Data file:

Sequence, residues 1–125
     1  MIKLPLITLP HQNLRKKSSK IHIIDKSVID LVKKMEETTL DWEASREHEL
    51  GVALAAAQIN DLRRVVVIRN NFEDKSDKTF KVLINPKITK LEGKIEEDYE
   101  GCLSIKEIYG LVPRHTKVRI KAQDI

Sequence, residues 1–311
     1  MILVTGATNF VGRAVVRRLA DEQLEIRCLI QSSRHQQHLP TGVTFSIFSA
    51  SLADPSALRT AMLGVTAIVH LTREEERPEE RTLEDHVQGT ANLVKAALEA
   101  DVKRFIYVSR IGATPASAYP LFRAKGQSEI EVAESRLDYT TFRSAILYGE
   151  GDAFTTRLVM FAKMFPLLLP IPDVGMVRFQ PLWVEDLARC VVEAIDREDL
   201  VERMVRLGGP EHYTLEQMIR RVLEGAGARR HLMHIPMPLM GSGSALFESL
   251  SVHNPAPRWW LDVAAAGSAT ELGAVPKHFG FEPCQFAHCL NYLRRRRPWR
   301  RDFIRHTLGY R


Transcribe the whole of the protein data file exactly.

Sequence, residues 1–125
     1  MIKLPLITLP HQNLRKKSSK IHIIDKSVID LVKKMEETTL DWEASREHEL
    51  GVALAAAQIN DLRRVVVIRN NFEDKSDKTF KVLINPKITK LEGKIEEDYE
   101  GCLSIKEIYG LVPRHTKVRI KAQDI

Sequence, residues 1–311
     1  MILVTGATNF VGRAVVRRLA DEQLEIRCLI QSSRHQQHLP TGVTFSIFSA
    51  SLADPSALRT AMLGVTAIVH LTREEERPEE RTLEDHVQGT ANLVKAALEA
   101  DVKRFIYVSR IGATPASAYP LFRAKGQSEI EVAESRLDYT TFRSAILYGE
   151  GDAFTTRLVM FAKMFPLLLP IPDVGMVRFQ PLWVEDLARC VVEAIDREDL
   201  VERMVRLGGP EHYTLEQMIR RVLEGAGARR HLMHIPMPLM GSGSALFESL
   251  SVHNPAPRWW LDVAAAGSAT ELGAVPKHFG FEPCQFAHCL NYLRRRRPWR
   301  RDFIRHTLGY R